The high court on Wednesday approved the lender’s Brexit contingency plans that include transferring the assets linked to about 5,000 of its clients to a Dublin-based unit.
“Barclays will use our existing licensed EU-based bank subsidiary to continue to serve our clients within the EU beyond 29 March 2019 regardless of the outcome of Brexit,” the bank said. “Our preparations are well advanced and we expect to be fully operational by 29 March 2019.”
Barclays will boost its Dublin headcount by about 150 to 300 as a result of the EU divorce.
The court approval came less than two months after Royal Bank of Scotland applied to transfer a third of its own investment bank clients and assets worth billions out of Britain to Amsterdam in preparation for Brexit.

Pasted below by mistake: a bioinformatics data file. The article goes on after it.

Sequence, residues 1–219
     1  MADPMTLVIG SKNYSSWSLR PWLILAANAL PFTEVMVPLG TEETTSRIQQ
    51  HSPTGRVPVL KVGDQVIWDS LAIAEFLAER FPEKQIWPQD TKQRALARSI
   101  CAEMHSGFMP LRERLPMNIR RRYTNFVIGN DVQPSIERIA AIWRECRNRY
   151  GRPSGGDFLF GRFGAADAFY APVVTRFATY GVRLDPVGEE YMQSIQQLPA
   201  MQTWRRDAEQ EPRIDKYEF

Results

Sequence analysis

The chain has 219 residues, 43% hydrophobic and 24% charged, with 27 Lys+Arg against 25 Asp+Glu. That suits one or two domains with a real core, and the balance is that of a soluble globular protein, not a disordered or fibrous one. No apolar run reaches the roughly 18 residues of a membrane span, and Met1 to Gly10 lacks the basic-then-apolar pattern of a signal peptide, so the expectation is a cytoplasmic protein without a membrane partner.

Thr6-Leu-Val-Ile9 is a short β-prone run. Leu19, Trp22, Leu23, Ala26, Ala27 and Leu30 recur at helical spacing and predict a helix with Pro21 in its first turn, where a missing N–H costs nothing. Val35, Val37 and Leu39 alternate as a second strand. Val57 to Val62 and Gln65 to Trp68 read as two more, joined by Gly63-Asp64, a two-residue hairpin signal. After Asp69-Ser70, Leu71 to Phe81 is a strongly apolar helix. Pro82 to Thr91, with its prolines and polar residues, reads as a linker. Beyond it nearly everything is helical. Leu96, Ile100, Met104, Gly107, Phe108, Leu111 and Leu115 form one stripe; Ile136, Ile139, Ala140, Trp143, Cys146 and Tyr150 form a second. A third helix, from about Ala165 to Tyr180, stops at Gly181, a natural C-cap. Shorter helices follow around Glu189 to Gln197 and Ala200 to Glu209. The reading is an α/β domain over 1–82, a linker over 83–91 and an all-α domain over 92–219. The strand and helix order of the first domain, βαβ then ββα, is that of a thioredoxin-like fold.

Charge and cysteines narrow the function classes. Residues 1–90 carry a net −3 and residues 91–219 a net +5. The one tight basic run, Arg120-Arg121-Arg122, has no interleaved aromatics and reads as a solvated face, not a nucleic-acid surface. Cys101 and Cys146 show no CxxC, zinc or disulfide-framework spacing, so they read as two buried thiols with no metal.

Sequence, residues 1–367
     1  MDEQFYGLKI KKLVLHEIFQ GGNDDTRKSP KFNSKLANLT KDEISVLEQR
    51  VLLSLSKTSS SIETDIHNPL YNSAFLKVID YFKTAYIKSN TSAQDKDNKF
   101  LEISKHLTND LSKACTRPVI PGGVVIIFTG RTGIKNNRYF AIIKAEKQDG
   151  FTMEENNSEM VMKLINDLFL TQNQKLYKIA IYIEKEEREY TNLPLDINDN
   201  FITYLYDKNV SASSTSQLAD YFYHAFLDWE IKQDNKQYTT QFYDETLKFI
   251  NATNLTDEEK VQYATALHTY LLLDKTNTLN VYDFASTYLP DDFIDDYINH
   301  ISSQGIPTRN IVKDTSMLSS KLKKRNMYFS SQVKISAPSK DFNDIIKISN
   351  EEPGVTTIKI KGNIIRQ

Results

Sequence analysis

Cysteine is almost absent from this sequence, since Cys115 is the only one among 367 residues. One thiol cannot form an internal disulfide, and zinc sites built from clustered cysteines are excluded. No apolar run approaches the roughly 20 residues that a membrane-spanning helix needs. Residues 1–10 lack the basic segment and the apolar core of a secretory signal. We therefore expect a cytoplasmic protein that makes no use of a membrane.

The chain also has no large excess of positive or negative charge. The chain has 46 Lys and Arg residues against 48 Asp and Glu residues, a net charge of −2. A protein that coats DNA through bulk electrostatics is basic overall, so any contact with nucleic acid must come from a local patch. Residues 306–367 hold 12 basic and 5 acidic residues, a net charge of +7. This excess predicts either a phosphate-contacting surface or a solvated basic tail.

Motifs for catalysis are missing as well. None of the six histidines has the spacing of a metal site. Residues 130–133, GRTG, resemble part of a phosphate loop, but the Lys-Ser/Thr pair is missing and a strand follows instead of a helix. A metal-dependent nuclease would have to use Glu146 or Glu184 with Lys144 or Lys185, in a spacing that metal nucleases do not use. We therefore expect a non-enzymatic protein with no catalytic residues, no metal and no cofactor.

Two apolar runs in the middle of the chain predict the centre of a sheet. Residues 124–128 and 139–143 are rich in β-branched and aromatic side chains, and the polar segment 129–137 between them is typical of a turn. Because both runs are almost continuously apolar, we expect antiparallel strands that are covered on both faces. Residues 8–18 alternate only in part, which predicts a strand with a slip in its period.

The Dublin and Amsterdam moves safeguard the banks’ businesses against a no-deal Brexit, allowing them to continue serving European customers even if Britain fails to strike a trade deal that covers financial services contracts.
A no-deal Brexit would leave banks without a replacement for EU passporting rights, which currently allow firms to do cross-border business throughout the bloc.
In approving Barclays’ application, Mr Justice Snowden said in his judgment: “Due to the continuing uncertainty over whether there might be a ‘no-deal’ Brexit, the Barclays Group has determined that it cannot wait any longer to implement the scheme.”
He added that the Irish operation “must be legally and operationally ready to conduct all relevant regulated business with the in-scope clients by no later than 29 March 2019, which is the date currently set for Brexit.”
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